Mookerjee and Beachcroft, JJ.
1. This appeal arises out of a suit for recovery of Rs. 3,954-4. The Court of first instance gave the plaintiff a decree for Rs. 976-6. Upon appeal, the District Judge has modified that decree and we have before us an appeal by the defendant as also a memorandum of cross-objection by the plaintiff. The appeal and the cross-objection raise two questions upon which the Courts below have taken divergent views. The first question relates to a sum of Rs. 168-8-6; with regard to this, the defendant contends that the claim is barred by limitation. The second question relates to a sum of Rs. 2,000; with regard to this, the Court of first instance dismissed the suit, but the District Judge has granted the plaintiff leave to abandon his claim with liberty to institute a fresh suit under Order XXIII, Rule 1 of the Civil Procedure Code of 1908.
2. As regards the first point, there can be no doubt that the sum really accrued due more than three years prior to the institution of the suit. The plaintiff contends that the claim is not barred by limitation under Article 78 of the second schedule to the Indian Limitation Act. He relies upon the circumstance that the defendant sent him on the 26th February 1911, a hundi for Rs. 300 and, on the 22nd July 1911, a cheque for Rs. 50 which were dishonoured on presentation. His case consequently is that this attracts the application of Article 78 which provides that a suit by the payee against the drawer of a bill of exchange (which has been dishonoured by non-acceptance) must be instituted within three years from the date of the refusal to accept. The suit before us, however, is not one of this description. It is a suit to recover money alleged to be due on accounts taken between the parties; to a suit of this description. Article 78 can have no possible application. On behalf of the plaintiff, this was clearly realised, and an endeavour was made to support the decree of the District Judge on the ground that the delivery of the hundi and the cheque constituted an acknowledgment within the meaning of Section 19 of the Limitation Act. In our opinion, there is no foundation, for this contention. The decision in Raman v. Vairavan (1883) I.L.R. 7 Mad. 392 is clearly distinguishable; there the cheque was accompanied by a letter which contained an acknowledgment sufficient for the purposes of Section 19. We must hold that the view taken by the Subordinate Judge in this respect was correct and his decision should not have been reversed by the District Judge.
3. As regards the second point, no order could properly have been made under Rule I of Order XXIII. The plaintiff sought to recover Rs. 2,000 upon certain allegations which were found untrue by the trial Court. On appeal the District Judge came to the same conclusion, but he held that the plaintiff might be permitted to abandon his claim with liberty reserved to him to institute a fresh suit on the same cause of action. The plaintiff subsequently presented an application to the District Judge, whereupon an order was made under Rule 1 of Order XXIII. The plaintiff, however, notwithstanding this order, has preferred a cross-objection to this Court to the effect that the view taken by the Courts below as to this sum of Rs. 2,000 is not correct. We are of opinion that, in such circumstances, the order under Rule 1 of Order XXIIT should not have been made.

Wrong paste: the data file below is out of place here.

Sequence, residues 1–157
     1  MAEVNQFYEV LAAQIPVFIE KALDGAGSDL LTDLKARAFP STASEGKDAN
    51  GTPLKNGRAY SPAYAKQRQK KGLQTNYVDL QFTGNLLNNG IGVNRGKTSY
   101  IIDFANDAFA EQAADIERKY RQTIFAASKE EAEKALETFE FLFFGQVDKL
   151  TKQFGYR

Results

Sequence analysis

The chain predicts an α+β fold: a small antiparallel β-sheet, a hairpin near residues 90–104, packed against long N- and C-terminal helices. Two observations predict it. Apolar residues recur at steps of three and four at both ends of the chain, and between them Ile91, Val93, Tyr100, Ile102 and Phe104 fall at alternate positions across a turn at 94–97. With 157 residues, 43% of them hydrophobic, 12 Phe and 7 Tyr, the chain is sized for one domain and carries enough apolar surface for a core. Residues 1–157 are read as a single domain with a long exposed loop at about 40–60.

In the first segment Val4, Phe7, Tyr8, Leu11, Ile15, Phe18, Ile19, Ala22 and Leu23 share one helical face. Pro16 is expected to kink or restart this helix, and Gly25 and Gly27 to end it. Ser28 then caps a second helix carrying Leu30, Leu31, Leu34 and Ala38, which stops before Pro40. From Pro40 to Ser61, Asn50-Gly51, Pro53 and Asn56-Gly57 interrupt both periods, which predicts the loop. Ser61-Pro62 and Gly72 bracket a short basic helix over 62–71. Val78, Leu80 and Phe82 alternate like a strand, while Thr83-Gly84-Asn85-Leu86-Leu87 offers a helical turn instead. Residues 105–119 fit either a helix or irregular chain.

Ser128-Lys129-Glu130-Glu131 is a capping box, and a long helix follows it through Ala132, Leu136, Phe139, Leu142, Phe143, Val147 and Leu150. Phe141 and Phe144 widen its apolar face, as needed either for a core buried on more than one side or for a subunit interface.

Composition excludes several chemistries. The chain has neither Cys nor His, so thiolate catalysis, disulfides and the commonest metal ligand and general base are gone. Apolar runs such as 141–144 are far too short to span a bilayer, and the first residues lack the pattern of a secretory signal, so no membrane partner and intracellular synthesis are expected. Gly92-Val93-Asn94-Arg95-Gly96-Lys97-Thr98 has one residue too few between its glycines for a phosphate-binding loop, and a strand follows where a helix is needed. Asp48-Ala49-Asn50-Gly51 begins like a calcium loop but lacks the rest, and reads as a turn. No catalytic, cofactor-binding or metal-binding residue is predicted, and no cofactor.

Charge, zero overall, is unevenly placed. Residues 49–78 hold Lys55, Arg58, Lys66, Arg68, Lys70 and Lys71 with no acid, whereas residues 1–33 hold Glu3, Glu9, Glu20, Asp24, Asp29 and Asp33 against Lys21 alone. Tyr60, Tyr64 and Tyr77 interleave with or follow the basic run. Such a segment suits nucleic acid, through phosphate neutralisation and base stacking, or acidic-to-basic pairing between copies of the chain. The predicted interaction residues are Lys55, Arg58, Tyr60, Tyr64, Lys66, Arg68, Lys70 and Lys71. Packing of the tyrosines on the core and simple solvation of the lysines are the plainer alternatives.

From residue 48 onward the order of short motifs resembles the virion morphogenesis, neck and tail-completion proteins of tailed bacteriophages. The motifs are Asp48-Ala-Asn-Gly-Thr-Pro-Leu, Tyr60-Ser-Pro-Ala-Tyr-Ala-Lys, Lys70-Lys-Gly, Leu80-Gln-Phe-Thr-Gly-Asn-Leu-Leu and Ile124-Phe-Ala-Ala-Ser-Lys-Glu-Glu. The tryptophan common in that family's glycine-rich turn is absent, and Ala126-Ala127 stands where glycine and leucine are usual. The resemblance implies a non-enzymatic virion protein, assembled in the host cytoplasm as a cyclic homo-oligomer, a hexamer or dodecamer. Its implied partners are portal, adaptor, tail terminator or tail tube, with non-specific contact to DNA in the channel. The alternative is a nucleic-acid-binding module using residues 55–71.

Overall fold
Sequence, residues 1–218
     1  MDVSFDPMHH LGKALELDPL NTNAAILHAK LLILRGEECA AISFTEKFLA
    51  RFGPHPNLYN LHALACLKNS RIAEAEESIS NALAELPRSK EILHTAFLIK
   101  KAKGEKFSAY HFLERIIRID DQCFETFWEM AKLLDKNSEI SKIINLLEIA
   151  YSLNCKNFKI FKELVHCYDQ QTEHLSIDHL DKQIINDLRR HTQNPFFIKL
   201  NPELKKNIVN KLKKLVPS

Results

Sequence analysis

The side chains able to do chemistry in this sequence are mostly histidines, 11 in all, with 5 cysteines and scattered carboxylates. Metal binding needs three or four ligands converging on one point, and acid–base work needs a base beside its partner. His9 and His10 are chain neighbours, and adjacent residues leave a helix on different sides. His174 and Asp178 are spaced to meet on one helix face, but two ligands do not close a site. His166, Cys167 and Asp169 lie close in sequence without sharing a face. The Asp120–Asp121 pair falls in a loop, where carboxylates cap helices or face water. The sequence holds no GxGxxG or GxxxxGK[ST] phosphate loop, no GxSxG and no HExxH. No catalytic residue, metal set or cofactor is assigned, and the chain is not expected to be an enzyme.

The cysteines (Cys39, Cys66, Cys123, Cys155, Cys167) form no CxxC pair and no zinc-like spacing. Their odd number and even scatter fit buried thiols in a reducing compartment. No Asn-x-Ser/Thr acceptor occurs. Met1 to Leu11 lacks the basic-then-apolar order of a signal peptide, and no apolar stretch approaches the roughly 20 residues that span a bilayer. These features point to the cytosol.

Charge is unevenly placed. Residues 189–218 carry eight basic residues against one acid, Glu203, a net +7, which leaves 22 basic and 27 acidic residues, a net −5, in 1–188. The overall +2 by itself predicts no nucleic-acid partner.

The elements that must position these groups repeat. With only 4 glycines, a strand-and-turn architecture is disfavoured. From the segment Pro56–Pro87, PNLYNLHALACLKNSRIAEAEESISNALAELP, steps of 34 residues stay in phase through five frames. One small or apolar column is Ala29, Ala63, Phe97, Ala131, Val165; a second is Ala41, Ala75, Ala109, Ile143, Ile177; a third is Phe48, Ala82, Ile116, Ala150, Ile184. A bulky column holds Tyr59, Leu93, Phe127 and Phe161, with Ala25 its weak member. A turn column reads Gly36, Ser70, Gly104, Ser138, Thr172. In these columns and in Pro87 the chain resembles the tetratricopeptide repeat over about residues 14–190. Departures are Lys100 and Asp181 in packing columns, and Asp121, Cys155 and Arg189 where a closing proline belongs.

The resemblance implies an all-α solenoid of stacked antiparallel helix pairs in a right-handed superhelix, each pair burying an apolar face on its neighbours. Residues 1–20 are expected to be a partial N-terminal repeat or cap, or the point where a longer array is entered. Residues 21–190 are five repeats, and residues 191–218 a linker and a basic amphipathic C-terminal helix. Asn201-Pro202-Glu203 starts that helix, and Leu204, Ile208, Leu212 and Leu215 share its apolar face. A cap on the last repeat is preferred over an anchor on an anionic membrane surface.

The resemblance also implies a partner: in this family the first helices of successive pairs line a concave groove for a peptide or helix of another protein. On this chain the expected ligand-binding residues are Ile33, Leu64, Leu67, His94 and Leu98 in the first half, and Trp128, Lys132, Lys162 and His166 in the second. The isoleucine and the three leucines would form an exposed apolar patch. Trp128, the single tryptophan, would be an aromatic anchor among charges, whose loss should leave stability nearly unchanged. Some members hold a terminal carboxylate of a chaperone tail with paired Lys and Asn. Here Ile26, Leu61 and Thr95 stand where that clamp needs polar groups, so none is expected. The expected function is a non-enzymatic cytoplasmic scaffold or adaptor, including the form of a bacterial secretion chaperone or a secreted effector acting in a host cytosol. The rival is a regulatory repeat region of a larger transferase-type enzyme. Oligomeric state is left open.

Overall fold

4. As a last resort, the plaintiff seeks for leave to amend his plaint. We are not unmindful that under Rule 17 of Order VI of the Civil Procedure Code very wide powers of amendment are vested in the Court, but we are clearly of opinion that the application of the plaintiff for leave to amend his plaint at this stage should not be entertained. The object of the proposed amendment is to abandon the claim deliberately put forward in the trial Court and persistently reiterated in the Court of Appeal below. If the amendment is granted, the result will follow that the plaintiff will start afresh on allegations wholly inconsistent with those made in the original plaint, and, to support the new allegations, he must bring forward evidence directly contradictory to the evidence already placed by him on the record. Such a feat he should not be encouraged to perform: Kokilasari v. Rudranand (1906) 5 C.L.J.
527, Ghurphekni v. Parmeshwar (1907) 5 C.L.J. 653, Mohesh v. Radhakishen (1907) 6 C.L.J. 581, Kisandas v. Rachappa (1909) I.L.R. 33 Bom. 644, Ramfi Ram v. Salig Ram (1911) 14 C.L.J. 188, Sri Rang v. Rachhya Lal (1911 ) 15 C.L.J. 439.
5. The result is that this appeal is allowed, the decree of the District Judge set aside, and that of the Court of first instance restored, subject to this variation, that interest will run at the rate of six percent, per annum as allowed by the District Judge. The order will carry costs both here and in the Court of Appeal below.